Students have the most money here because it's all borrowed and they haven't stopped to consider what their early twenties are going to be like - a never ending smack in the face with a splintered plank. Old people have money too so it's quite safe to alternate rounds with them, but they labour over their drinks a bit so you might need to host your own private interval drinks, or get two old guys going at once. Old guys have the best stories about London too because they knew London when it wasn't a recession-strangled homogenised refrigerated sandwich of a city. 

Don’t get taxis from bar to bar...

It is almost always easier to get the tube or walk between bars. Taxis in central London will simply sit in traffic for fifteen minutes, asking you passive-interrogative questions and then take you to see Stonehenge in Wiltshire muttering something about "one way system loop road traffic closed road block need to head down here" then proceed to charge you £20.  If you're with friends then use night buses, London's are among the best in Europe and operate around the clock (so that immigrant cleaners can get into office blocks before the privileged wake up). If in doubt get a bus to Trafalgar Square or Tottenham Court Road – they’re really well connected central hubs for other buses. Never ask someone how to get a bus "to London", even if you’re in a savagely far-out district like Hackney, the people who live in those areas genuinely believe that they too are living in London. To you London is basically the bits you get inside a snow dome, but to us it's more of a state of mind and includes anything within a 500 metre radius of a Chicken Cottage. Don't fall asleep on night buses. There are loads of thieves and the CCTV footage almost always proves totally fucking useless. Also the drivers don't wake you up, even though you're wearing a party vest and are the only one left on the bus and there are herds of cows outside chewing grass in the smoggy light of dawn. He'll wake you up when he gets to the depot and then proceed to do a Sudoku with Heart FM on while giving you incoherent sneery half-answers, and take sick pleasure in knowingly ruining your weekend.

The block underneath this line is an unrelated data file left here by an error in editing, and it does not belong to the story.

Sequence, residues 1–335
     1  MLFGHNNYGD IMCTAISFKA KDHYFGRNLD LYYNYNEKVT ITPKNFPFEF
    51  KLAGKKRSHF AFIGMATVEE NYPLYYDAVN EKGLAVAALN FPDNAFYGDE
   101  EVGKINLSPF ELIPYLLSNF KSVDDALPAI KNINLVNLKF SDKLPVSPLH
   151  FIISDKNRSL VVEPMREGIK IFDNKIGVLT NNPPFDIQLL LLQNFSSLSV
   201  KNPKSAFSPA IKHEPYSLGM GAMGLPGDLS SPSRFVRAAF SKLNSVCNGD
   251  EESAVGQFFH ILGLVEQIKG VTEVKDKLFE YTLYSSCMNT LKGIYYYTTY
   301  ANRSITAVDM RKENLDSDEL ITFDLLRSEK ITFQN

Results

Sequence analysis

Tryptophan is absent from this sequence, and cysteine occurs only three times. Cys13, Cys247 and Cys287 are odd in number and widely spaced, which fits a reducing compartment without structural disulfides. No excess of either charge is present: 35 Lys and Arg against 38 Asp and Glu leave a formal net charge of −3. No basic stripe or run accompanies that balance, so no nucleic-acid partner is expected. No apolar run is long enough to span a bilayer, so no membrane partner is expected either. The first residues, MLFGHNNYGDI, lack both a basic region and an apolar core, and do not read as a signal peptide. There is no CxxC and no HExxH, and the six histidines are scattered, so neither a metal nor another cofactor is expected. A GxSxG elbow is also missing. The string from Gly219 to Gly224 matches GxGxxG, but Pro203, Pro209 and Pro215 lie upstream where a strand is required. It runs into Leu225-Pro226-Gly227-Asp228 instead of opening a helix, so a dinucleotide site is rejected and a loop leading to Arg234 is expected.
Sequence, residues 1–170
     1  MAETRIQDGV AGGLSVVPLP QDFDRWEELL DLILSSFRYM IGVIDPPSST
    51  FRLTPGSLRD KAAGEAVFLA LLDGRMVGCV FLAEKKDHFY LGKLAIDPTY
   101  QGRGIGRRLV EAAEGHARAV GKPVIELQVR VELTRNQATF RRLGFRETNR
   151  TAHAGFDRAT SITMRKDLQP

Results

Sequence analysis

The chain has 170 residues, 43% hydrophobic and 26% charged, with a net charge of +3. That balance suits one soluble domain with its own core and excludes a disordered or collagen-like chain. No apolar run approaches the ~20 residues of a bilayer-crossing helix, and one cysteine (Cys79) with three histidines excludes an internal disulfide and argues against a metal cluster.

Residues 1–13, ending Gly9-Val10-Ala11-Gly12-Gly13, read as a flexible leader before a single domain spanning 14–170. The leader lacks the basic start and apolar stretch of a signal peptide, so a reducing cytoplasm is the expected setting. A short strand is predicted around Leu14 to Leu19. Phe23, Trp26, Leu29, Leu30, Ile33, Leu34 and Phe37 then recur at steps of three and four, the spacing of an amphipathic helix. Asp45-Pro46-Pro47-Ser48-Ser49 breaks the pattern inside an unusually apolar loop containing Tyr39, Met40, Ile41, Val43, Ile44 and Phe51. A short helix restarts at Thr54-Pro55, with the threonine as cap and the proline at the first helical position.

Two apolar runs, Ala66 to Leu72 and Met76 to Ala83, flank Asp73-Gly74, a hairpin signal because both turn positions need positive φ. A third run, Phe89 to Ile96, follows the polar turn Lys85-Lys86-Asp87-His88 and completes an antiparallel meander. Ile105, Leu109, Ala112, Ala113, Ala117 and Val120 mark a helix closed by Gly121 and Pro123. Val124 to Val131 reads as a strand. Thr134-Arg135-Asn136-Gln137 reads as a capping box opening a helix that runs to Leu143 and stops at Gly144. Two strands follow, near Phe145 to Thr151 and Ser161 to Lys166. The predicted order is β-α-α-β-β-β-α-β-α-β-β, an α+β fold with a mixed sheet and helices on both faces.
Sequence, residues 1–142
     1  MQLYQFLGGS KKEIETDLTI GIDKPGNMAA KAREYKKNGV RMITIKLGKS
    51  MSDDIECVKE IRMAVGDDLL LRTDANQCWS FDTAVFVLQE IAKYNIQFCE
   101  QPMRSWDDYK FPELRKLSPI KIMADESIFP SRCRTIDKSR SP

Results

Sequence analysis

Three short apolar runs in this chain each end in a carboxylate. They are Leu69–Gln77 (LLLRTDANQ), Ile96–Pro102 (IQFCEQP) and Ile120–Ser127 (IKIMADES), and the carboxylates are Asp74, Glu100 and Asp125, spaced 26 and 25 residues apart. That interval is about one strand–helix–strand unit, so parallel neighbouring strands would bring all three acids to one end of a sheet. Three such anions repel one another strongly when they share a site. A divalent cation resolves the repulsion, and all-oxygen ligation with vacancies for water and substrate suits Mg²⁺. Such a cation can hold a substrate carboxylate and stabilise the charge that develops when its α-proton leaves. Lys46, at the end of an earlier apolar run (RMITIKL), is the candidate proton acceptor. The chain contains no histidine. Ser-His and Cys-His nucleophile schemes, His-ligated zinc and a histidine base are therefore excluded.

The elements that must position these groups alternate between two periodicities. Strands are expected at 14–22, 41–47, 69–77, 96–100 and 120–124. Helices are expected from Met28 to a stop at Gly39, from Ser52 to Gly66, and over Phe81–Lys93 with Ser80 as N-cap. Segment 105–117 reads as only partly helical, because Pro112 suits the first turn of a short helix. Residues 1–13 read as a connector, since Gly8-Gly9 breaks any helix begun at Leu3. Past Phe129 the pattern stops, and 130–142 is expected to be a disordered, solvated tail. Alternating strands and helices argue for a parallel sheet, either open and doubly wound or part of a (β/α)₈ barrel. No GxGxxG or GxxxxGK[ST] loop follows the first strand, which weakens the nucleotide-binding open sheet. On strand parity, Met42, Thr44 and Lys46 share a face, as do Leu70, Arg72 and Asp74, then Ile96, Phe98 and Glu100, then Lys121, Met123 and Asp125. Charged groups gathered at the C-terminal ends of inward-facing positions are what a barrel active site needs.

Don’t ask how much our flat costs...